September 28, 2023
It’s your child’s eighteenth birthday. You are proud of them for reaching adulthood. But then it dawns on you—they’re going away soon. Until now, if something happens to your child, you’d be the first to be contacted. However, that won’t be the case any longer now that they are adults.
Despite the legal classification of your child as an “adult,” and despite your trust in them, you want to protect them just a little longer—but how? Luckily, there are legal forms that your child can fill out to help make it more likely that, should anything happen, you’d be informed and are able to make decisions for them. These forms include:
Although it is a situation that no parent wants to contemplate, if your child were to become incapacitated, someone would need to be able to carry out your child’s medical wishes on their behalf. An AHCD lets your child name someone as their agent to make health care decisions for them. The form will also inform you of your child’s health care preferences, if any, and will give instructions about their end-of-life choices. This allows you to make decisions that best align with your child’s wishes.
A HIPAA Authorization form will allow your child’s medical provider to disclose your child’s otherwise protected health information if you are named their agent. This form is useful when the agent needs to make a determination regarding the child’s capacity in conducting their legal, financial, and business affairs, among other matters.
A DPA will allow you to make financial decisions on your child’s behalf if they name you as their agent. A DPA can be general or specific. A general DPA would give you broad authority over your child’s financial assets, while a special or specific power of attorney would only allow you to make decisions over certain limited matters. A DPA can also be effective immediately or “spring” into action only upon incapacity (the latter known as a Springing Power of Attorney).
Similar to a DPA, the Authorization to Access and Control Digital Assets may allow your child’s designated personal representative to access their digital assets, such as the files stored on their computer or online accounts.
Lastly, a complete core estate plan is advisable if there are any assets in your child’s individual name. A core estate plan includes a will and living trust, in addition to the Advance Health Care Directive, HIPPA document, and Power of Attorney.
Another way to protect your child is to thoroughly review your insurance policies. Once your child is officially an adult, whether they go off to school or take a gap year, you’ll want to check your policies to verify coverage. The most common policies are homeowners and auto insurance.
Parents should review your homeowner’s insurance policy to see if your student is covered under the policy while away at college. Depending on the teen’s living situation, they may or may not be eligible. College students living on campus are typically covered under their parents’ policy. However, if they are living off campus, they may not be fully covered if at all. Additionally, if you are a co-signor for the off-campus apartment, you will need to update your insurance coverage to ensure the apartment is listed on the policy. We recommend contacting your insurance agent to ensure your child is covered.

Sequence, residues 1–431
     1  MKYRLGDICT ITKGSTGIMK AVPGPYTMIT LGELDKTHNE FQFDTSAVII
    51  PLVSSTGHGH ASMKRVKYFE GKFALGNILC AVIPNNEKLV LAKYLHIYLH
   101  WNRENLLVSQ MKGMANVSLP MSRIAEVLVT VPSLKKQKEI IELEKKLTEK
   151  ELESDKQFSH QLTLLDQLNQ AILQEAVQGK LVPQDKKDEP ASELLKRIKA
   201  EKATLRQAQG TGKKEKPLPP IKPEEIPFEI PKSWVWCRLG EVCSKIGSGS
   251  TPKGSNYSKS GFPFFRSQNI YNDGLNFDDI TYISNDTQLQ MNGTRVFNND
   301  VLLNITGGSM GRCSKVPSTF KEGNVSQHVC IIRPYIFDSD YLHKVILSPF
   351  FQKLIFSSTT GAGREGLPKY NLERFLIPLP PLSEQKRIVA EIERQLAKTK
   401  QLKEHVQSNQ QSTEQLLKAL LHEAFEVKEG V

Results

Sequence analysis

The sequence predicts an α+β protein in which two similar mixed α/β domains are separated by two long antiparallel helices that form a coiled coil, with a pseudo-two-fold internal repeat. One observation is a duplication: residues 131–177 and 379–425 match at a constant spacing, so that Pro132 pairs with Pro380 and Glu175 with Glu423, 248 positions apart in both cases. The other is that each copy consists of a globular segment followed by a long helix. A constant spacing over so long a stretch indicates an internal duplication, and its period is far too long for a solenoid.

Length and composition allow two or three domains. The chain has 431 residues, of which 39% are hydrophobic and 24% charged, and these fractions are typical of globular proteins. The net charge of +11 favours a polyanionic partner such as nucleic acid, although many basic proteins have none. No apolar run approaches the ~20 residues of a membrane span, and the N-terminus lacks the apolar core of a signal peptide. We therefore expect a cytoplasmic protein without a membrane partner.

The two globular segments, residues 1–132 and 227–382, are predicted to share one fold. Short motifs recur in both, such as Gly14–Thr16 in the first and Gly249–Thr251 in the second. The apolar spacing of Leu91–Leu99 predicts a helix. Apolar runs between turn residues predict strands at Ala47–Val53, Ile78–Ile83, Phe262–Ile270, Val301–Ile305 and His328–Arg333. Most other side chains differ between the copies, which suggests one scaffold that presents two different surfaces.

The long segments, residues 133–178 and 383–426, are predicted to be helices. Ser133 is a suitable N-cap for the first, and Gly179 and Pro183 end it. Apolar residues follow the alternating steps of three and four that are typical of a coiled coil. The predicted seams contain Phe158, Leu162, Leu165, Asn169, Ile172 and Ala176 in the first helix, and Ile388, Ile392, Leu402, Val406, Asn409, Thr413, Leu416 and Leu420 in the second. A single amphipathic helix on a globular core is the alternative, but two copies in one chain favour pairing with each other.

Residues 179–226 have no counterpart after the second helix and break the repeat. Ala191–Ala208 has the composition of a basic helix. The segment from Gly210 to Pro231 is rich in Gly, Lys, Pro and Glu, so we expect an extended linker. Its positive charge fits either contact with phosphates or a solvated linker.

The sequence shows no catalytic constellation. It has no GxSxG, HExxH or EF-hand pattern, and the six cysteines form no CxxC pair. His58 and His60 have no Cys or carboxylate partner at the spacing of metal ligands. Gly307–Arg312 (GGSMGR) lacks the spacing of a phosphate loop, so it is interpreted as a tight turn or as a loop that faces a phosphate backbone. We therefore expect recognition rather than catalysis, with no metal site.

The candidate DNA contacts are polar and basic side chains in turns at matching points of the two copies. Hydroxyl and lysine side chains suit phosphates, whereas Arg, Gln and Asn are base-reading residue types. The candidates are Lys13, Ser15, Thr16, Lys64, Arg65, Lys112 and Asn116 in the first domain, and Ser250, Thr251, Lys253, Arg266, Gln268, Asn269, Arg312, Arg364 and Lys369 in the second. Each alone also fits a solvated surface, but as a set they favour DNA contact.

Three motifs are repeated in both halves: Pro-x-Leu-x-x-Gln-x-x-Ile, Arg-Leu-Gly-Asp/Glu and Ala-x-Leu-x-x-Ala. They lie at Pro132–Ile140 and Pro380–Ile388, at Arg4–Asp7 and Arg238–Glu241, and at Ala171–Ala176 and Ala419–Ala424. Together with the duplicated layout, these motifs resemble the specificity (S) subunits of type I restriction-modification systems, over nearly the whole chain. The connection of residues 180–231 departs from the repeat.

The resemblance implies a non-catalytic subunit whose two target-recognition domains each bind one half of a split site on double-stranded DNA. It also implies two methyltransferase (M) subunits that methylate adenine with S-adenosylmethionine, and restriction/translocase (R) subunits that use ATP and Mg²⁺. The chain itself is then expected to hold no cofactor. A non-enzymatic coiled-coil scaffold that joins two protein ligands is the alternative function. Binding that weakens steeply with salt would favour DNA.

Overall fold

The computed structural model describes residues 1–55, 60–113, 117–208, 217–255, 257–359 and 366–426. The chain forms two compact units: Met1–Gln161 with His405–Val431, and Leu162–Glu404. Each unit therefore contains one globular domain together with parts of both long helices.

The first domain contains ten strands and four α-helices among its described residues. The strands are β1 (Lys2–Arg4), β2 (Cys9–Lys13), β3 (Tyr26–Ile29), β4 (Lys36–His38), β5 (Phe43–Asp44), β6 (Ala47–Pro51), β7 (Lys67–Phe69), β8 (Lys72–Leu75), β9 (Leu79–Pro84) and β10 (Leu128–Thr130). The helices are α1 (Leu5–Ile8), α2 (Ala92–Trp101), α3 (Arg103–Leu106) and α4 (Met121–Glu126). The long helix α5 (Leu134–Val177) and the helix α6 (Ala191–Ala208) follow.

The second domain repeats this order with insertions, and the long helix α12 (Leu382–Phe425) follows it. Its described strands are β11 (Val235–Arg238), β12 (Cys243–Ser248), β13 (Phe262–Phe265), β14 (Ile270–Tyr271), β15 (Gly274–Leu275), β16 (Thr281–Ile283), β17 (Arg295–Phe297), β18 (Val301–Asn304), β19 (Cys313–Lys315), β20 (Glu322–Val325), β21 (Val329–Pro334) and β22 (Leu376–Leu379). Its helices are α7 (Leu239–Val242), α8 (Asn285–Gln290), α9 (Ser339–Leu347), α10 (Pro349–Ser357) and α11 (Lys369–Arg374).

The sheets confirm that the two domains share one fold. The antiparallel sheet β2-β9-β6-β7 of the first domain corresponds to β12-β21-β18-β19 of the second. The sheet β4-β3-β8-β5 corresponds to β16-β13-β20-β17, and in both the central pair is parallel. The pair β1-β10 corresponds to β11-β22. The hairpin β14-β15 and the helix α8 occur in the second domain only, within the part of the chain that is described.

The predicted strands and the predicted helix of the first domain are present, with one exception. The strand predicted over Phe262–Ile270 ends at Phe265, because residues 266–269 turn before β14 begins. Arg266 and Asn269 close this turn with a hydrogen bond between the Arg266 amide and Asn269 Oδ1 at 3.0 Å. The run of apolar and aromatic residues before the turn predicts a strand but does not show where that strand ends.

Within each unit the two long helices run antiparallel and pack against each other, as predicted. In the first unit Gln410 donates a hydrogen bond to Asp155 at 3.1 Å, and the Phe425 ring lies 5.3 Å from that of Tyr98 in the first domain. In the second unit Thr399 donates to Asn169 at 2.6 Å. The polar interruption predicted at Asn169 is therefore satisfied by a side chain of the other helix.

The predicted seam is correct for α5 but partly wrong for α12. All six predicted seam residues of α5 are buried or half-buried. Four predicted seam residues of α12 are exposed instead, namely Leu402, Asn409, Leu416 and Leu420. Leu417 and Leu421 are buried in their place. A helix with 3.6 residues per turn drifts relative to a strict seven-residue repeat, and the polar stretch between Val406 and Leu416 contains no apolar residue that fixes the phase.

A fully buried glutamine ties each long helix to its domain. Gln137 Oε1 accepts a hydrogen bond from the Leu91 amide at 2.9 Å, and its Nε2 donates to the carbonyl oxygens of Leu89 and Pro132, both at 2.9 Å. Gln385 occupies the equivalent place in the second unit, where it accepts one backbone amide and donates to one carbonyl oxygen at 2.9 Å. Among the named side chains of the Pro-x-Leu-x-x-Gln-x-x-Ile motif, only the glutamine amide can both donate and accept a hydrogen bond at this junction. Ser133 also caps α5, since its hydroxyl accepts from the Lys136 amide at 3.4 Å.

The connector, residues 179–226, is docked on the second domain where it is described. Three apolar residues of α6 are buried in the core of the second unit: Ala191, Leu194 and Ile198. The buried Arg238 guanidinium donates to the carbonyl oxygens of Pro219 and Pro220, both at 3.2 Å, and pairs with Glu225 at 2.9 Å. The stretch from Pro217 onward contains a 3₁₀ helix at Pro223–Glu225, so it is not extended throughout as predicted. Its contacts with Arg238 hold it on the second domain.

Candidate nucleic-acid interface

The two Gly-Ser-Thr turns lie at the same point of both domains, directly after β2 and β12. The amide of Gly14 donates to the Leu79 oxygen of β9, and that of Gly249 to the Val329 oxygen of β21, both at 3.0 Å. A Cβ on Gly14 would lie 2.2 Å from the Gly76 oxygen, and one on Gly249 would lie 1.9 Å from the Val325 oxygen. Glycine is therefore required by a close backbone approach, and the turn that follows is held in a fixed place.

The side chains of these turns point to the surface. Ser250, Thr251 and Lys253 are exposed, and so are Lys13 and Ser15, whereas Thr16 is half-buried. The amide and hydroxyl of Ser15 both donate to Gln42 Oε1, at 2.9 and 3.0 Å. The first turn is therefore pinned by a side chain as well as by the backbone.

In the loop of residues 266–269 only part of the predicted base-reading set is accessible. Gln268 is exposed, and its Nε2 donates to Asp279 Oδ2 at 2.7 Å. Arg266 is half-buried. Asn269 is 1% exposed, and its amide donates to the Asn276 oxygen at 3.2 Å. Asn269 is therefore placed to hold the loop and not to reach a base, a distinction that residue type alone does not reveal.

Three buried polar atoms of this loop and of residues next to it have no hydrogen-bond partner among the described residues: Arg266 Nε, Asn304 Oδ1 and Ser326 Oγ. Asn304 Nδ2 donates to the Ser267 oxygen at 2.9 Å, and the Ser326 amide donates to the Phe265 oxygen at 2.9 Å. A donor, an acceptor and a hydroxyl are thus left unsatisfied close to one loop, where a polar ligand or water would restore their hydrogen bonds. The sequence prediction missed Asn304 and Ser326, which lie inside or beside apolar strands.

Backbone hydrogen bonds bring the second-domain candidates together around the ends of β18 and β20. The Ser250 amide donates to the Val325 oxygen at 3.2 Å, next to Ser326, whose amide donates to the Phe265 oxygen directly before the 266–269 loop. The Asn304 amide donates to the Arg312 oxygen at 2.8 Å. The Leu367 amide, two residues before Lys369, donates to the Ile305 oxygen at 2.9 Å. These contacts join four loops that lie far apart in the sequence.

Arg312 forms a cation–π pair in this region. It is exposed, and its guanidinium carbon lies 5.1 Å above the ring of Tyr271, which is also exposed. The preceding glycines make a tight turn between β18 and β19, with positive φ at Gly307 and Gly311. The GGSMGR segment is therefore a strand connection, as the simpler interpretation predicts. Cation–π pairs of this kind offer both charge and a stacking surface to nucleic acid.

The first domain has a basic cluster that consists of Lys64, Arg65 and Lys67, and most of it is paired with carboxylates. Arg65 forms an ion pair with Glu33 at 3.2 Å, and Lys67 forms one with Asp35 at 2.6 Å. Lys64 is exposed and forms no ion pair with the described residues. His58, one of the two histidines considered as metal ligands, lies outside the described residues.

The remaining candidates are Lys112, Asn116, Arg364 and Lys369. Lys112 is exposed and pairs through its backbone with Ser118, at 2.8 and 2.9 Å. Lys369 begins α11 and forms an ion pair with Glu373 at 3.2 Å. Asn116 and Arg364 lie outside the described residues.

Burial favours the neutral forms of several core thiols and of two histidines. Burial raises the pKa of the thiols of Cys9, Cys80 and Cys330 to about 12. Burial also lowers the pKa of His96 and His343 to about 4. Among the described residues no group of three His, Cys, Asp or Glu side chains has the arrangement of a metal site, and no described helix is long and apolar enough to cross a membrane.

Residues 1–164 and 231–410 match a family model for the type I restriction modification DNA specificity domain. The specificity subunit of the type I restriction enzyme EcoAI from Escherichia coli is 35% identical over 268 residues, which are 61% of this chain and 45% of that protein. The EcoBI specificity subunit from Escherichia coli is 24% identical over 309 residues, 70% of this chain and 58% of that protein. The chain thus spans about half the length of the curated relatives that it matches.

Parents typically remove their children from the auto policy while they are away at school because they are without a car. However, this may not be a good idea. Suppose your child is involved in an accident while driving somebody else’s car, such as a designated driver, and the vehicle owner has insufficient coverage limits on their auto insurance policy. In that case, they will be legally liable for any claims not covered by the insurance policy. Or, in the event your child is injured as a passenger and the owner of the car does not have sufficient liability limits, your child won’t have uninsured or underinsured motorist coverage.
If your student takes their car to college, you could also consider registering the vehicle in your child’s name and obtaining a separate auto insurance policy for them. Keeping your teenage on your insurance policy may present a significant risk of increased insurance rates and exposure to liability in the event your child is involved in a car accident. You can protect yourself from such claims if your child has a separate auto insurance policy. Keep in mind this may become a more expensive alternative if doing so qualifies you from the multi-car discount.
To learn more about the different types of insurance coverages you should keep in mind, check out our Making It On Your Own: Insurance article.
Being a new adult can be a very exciting time for your child. However, it is also a vulnerable time for them. Consider consulting an attorney to draft the above forms or your insurance agent to review your current policies. In doing so, you can protect your children a little longer with peace of mind as they enter a new stage in their life.
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